Every day, numerous researchers produce an abundance of datasets. However, the scientific community lacks tools, accessibility and training in how to use these large, diverse datasets.
In response to these problems, the National Institutes of Health is launching the Big Data to Knowledge initiative, or BD2K, in December. The NIH will provide up to $24 million per year for four years to establish and support six to eight investigator-initiated BD2K Centers of Excellence.
The centers will focus on developing policies and practices for collaborative sharing of data and software; finding new ways of organizing, managing, processing and analyzing large data sets; and training students and investigators to use data science methods, such as informatics, biostatistics and computational biology.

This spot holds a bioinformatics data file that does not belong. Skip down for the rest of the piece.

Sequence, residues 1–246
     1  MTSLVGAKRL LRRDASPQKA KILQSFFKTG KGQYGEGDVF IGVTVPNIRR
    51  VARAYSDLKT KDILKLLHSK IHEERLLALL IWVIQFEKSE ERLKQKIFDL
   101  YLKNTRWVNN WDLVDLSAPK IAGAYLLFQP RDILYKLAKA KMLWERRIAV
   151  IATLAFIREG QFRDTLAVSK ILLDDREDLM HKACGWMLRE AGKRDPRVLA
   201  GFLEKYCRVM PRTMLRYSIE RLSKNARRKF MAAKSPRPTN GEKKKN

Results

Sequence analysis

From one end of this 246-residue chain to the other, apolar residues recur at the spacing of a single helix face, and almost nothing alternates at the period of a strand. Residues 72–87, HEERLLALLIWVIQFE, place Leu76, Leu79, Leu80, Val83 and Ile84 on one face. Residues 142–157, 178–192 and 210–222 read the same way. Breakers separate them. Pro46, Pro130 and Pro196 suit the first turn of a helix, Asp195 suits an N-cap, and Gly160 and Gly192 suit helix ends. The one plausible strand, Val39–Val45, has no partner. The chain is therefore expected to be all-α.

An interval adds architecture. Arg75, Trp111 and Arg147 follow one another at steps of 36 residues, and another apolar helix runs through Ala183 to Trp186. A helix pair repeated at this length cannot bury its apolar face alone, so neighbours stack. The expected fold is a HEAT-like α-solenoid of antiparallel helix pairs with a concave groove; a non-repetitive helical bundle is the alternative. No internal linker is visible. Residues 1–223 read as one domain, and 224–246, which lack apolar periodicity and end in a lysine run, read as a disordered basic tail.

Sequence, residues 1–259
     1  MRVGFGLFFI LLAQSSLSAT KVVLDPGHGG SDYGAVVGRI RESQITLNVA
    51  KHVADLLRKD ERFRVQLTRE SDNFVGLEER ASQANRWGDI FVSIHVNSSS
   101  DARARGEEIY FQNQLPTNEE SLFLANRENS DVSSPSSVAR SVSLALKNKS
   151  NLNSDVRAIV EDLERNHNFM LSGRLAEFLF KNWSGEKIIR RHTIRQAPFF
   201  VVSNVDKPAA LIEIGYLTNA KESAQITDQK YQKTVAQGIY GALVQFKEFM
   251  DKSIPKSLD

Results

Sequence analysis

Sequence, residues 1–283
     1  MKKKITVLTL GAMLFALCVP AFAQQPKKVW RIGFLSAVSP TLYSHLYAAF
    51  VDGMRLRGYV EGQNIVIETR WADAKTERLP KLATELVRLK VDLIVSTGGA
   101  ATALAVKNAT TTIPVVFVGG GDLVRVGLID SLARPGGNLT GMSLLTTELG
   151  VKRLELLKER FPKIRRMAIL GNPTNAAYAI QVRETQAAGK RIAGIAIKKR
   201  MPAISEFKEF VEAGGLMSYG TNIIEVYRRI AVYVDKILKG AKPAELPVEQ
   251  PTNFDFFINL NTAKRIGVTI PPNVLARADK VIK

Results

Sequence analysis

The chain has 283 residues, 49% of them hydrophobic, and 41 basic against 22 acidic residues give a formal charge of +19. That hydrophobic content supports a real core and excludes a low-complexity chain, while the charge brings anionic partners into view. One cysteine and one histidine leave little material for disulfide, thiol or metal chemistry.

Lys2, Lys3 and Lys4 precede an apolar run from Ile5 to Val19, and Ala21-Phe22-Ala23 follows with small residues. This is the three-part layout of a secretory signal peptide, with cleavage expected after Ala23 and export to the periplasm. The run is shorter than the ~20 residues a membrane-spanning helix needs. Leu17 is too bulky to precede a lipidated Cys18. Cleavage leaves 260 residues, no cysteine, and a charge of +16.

The NIH’s goal “is to help researchers translate data into knowledge that will advance discoveries and improve health, while reducing costs and redundancy,” NIH Director Francis S. Collins said in a statement in late July.
The deadline for applications from those interested in establishing BD2K Centers of Excellence is Nov. 20. Applicants must identify a research topic and propose research in data science. Particularly, applicants must highlight approaches, methods, software and tools for data integration, analysis, database development and management, and visualization and modeling to address important research questions.
A webinar for prospective applicants will be held from 3 p.m. to 5 p.m. Eastern on Sept. 12. More details about this event and the BD2K initiative can be found at bd2k.nih.gov.
Lesley Wassef (firstname.lastname@example.org) is a research associate in the Food Science and Rutgers Center for Lipid Research at Rutgers University.